Licorice Pizza (M) - 134 minutes
A delightful, quirky and comedic coming of age tale, Licorice Pizza has originality stamped all over it.
We’re in the San Fernando Valley in 1973.
15-year-old smooth talking, super confident Gary Valentine (Cooper Hoffman) eyes off and chats up an older school photographer, Alana Kane (Alana Haim).
She can’t believe his gumption and bravado when he tells her he’s an actor and businessman, whose mother works for him.
Gary is nothing if not an opportunist and early on he identifies Alana as the future Mrs Valentine.
She wants to maintain her distance, but is intrigued by him.
Before long, she is accompanying Gary on a flight to New York, where he is about to appear alongside the adult star Lucy Doolittle (Christine Ebersole) on a television program.
A fellow child actor shows an interest in Alana during the flight over and subsequently. Gary is not impressed.
Thereafter, the relationship between Gary and Alana continues to ebb and flow.
He seizes the opportunity to capitalise upon a couple of new trends … revealing his business acumen. On occasions, Alana works with him.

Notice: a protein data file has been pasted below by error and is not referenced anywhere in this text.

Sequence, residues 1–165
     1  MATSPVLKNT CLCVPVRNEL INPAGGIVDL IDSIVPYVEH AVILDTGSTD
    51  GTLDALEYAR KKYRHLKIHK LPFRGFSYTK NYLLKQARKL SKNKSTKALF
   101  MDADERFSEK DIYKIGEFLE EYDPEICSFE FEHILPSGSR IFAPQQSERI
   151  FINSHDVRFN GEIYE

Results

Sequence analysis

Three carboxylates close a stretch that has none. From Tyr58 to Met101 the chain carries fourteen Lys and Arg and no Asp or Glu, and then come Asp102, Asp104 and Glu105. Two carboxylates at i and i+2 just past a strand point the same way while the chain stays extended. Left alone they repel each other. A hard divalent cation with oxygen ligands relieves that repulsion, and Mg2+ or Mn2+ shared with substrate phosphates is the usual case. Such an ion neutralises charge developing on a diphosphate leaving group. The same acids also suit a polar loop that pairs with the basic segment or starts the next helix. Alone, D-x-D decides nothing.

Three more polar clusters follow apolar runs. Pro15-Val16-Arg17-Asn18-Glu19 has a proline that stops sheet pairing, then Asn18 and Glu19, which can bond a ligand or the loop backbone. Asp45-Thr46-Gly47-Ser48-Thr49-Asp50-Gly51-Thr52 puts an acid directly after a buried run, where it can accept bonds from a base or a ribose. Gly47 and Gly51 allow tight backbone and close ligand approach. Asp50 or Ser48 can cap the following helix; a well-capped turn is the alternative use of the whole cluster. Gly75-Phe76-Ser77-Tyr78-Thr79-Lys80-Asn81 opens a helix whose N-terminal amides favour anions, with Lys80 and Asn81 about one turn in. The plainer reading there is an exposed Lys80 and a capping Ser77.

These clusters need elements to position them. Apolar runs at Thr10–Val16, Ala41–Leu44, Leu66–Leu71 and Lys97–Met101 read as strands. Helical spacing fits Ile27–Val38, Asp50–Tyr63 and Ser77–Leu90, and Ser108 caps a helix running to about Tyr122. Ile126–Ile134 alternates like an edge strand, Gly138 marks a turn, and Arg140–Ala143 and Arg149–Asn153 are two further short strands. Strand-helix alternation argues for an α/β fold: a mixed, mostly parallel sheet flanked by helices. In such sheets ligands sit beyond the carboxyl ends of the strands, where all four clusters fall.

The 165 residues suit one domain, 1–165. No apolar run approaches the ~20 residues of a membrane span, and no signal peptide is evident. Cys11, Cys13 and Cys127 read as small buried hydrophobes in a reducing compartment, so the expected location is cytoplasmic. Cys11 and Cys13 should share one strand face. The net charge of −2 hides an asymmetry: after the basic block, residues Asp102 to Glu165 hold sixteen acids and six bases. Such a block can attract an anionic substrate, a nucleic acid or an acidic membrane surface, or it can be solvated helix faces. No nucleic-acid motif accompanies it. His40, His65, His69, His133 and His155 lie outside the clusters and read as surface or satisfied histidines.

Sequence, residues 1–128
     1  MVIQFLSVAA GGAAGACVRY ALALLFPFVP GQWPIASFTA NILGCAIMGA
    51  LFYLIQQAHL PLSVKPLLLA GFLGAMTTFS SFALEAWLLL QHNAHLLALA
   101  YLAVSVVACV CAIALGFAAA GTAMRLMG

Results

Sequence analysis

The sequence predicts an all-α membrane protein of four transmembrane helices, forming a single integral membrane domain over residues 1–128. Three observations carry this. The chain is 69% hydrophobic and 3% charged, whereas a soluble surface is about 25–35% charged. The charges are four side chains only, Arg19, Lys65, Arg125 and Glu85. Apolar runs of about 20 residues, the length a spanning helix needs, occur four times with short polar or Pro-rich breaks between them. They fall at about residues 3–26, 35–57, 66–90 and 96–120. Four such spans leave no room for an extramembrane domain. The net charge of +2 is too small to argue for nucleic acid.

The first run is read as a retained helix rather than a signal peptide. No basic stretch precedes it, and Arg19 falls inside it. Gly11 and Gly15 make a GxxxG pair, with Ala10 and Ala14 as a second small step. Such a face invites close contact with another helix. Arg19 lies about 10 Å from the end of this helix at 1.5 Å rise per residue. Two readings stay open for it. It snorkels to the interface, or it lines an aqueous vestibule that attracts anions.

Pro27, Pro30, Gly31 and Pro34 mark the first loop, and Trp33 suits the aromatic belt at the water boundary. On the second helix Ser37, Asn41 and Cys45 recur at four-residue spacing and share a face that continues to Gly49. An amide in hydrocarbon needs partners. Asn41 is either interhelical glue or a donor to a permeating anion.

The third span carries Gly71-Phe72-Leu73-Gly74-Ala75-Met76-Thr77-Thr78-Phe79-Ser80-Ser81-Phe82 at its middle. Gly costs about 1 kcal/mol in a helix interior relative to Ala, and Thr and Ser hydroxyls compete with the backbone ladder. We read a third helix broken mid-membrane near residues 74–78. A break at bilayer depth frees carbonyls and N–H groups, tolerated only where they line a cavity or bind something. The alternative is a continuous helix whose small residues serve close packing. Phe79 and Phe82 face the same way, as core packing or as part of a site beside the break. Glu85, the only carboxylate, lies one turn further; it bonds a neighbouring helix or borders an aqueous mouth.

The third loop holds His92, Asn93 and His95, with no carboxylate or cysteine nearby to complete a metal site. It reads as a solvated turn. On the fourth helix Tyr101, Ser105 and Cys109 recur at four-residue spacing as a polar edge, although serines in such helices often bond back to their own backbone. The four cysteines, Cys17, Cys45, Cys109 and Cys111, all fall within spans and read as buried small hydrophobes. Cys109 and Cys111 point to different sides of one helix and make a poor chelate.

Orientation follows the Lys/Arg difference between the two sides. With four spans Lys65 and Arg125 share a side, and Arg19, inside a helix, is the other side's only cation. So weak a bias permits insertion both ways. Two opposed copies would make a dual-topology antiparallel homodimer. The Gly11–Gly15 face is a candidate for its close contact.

At the same time, he shows an interest in another girl, much to Alana’s chagrin.
She dabbles with acting and decides to volunteer to work with a seemingly honourable councilman looking to be elected to office.
Licorice Pizza is all about first love and jealousy is a significant part of that.
With a magnificent commitment to period detail (spoiler alert: look out for the Batmobile), the script by writer and director Paul Thomas Anderson (Phantom Thread) is a cracker.
In short, surprise is the name of the game.
The movie is enormous fun, characterised by a number of “look at me” performances.
A chip off the old block, Cooper Hoffman (the son of the late Phillip Seymour Hoffman) makes an auspicious acting debut.
He oozes self-awareness and self-belief.
Alana Haim too shows she is no wallflower in a poised and confident feature film debut, which showcases her range.
Sean Penn is the consummate performer as lauded actor Jack Holden, who enjoys the adulation he receives and discovers Alana in an audition.
Bradley Cooper turns on the histrionics as film producer and Barbra Streisand’s partner John Peters.
One of the most memorable scenes in a film that has a surfeit of them is when Alana tries to win over an agent.
Harriet Sansom Harris is cast in that role and grabs it with both hands. She is a standout with her utterances.
Licorice Pizza is cheeky, cheery and thoroughly entertaining – a joyous and engaging romp, which is sure to strike a reverential chord with many.
Rated M, it scores an 8½ out of 10.